A great electric hybrid bike for a fair price that will have a lot of appeal to lots of different riders.  

best electric bikes - Ribble Hybrid AL e in the image is side on with the bars pointing to the right

Ribble Hybrid AL e

Best electric hybrid bike for looking stylish at an affordable price

Specifications
Motor/Battery: Ebikemotion X35 Smart System
Frame/ Fork : Aluminium frame/ Carbon fork
Groupset: SRAM NX, 42T, 11-42 cassette, SRAM Level hydraulic disc
Wheels : Mavic Aksium Elite EVO wheels
Tyres: Schwalbe Marathon Rigid 700x35c
Sizes : S - XL
Colours : Blue, copper, custom
Weight: 32.2lbs/ 14.61kg
Reasons to buy
+Stable and comfortable ride position+Smooth and unobtrusive motor+Good looking bike
Reasons to avoid
-Alloy seatpost prone to scuffs and scratches.-Rattily fenders/ mudguards.   

The Ribble Hybrid AL e is a road-going hybrid bike that’s equally at home on gravel paths and trails, with a comfortable and confidence-inspiring upright riding position, so great for returning or newbie riders.

For us, we think the bike is one of the best looking hybrids we've ever come across, with the design hiding away the motor incredibly well, although we were a little sad that adjusting the seat post left behind scratch marks. The fully loaded package includes fenders (mudguards), lights and a rear rack making it perfect as a daily commuter or for ditching the car when going to the store, although we did find these a little rattily on test.

The Ebikemotion motor delivers its power smoothly and efficiently and offers long-range in between charges, making the Ribble far more than just an A to B bike. 

Understandably it doesn't perform in the same way as the Canyon Grail:ON in terms of fast and tight torque, but tap along and it will tickle over nicely, taking the top off any strenuous rides. 

With all the added extras as standard and classy looks, the Ribble Hybrid AL e is a great electric bike for the money.

Specialized Turbo Vado 3.0 electric bike in the image is side on with the handle bars pointing to the right

Specialized Turbo Vado 3.0 electric bike

(Image credit: Specialized)

Best electric hybrid bike for carrying weight and range

Specifications
Battery/Motor: Specialized 1.2E custom 250w, Specialized U1-460Wh, 145km range (claimed)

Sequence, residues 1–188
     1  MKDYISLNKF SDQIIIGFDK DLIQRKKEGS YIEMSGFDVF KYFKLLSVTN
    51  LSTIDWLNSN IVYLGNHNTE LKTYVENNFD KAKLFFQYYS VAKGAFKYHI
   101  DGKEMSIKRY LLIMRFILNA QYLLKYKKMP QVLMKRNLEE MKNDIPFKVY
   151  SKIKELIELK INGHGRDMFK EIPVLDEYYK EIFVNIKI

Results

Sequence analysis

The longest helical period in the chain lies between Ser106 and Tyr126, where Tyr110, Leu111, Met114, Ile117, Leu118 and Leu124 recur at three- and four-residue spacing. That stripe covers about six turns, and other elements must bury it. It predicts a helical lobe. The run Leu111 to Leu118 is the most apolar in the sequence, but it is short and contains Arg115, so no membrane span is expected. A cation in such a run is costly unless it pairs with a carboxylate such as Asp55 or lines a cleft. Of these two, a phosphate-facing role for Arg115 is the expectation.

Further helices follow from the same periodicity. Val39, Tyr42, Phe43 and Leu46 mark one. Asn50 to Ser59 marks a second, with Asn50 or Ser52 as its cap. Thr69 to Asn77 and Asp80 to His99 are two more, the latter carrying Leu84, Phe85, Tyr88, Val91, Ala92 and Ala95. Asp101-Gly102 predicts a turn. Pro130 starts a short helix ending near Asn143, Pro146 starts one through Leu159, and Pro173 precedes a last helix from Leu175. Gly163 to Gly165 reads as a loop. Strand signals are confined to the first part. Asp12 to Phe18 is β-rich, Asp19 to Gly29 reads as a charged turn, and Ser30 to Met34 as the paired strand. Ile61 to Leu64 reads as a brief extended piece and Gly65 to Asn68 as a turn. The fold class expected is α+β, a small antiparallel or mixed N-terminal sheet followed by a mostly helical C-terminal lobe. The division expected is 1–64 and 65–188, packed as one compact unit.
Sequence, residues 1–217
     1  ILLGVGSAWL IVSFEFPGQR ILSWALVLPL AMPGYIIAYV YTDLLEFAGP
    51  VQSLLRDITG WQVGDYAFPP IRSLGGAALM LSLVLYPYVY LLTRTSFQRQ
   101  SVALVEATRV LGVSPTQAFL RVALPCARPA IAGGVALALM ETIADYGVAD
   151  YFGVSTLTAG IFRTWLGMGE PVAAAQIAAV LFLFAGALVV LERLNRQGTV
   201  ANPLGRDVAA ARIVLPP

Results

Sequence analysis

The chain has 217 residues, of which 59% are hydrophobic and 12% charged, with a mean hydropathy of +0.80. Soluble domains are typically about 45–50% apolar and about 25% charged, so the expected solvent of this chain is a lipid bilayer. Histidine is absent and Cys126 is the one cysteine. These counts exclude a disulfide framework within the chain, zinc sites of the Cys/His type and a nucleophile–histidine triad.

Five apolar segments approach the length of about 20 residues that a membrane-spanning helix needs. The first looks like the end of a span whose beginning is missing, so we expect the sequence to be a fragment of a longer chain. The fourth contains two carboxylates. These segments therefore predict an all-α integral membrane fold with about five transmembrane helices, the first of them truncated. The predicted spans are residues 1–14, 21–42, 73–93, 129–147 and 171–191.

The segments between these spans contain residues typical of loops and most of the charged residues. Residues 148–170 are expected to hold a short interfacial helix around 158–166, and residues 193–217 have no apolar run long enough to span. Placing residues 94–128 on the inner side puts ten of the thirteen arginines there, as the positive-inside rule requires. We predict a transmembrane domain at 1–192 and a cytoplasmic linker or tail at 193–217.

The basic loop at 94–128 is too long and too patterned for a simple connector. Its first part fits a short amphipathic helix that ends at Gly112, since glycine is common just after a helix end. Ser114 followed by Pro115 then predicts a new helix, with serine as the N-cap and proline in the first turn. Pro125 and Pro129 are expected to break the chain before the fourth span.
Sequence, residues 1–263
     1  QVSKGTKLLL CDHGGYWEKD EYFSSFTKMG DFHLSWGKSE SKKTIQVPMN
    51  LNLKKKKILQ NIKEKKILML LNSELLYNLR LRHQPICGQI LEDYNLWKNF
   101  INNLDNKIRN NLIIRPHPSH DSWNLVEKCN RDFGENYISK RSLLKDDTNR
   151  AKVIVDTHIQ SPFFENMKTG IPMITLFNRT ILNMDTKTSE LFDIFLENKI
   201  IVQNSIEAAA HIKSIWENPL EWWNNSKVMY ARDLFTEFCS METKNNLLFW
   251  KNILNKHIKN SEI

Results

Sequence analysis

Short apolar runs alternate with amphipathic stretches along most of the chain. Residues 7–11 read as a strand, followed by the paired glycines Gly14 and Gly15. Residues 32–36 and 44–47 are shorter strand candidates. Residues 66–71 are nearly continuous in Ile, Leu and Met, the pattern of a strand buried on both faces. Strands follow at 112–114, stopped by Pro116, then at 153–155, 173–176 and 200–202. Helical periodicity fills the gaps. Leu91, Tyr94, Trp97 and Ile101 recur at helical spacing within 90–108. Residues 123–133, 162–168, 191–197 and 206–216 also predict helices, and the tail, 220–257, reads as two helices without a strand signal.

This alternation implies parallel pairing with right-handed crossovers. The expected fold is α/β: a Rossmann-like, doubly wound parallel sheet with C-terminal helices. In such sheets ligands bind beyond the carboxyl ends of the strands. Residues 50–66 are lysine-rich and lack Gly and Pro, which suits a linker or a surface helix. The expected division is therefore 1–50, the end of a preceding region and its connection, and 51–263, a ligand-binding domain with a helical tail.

Frame/Fork: aluminum/aluminum 50mm suspension fork
Brakes: Tektro HD-T275 hydraulic disc (180/160mm)
Drivetrain: Shimano Alivio 40T single chainring, 11-36 rear cassette
Wheels: Specialized Double-wall alloy
Tyres: Trigger Sport Reflect 47mm
Sizes : S - XL
Colours : Blue/ black, Grey/black
Weight: 48.5lbs/ 23kg
Reasons to buy
+Versatile bike+Powerful motor+Removable and easy to charge integrated long-lasting battery
Reasons to avoid
-Heavy weight when compared to other e-bikes 

A fun ride that’s great in urban environments but also provides a confidence-inspiring ride on rougher terrain is what the Specialized Turbo Vado is all about.

It was a real hoot to ride with a four year old on a mounted bike seat, and tick off a 50km hilly bike ride, turning heads of car drivers upon speedy get away's at lights and even challenging the non-power assisted rider in the group to keep up on the steeper inclines. 

It is a heavy machine at 48.5lbs/ 23kg, so not easy to lift, so anyone needing to navigate steps in or out of the bike's storage place will need to take this in to consideration, but aside from that we found the Specialized Vado Turbo to be a joy to ride.

The 250w Specialized 1.2 battery has a range from 25 miles in ‘turbo’ mode to 93 miles in ‘economy’ mode, based on a rider that weighs 15.5 stone, 217lbs or 98.5kg.

It's not quite as nimble as the Giant Fastroad E+ Pro 2 electric bike above, but if you're on the look out for something that can do a bit of most things, than the Vado is a great e-bike option. 

Canyon Precede:ON CF 9 ST in the image is side on with the handle bars pointing to the right

Canyon Precede:ON CF 9 ST

(Image credit: Canyon)

Best electric hybrid bike for everyday local rides

Specifications
Motor/Battery: Bosch Performance Line CX (Gen4)/ Bosch PowerTube 500Wh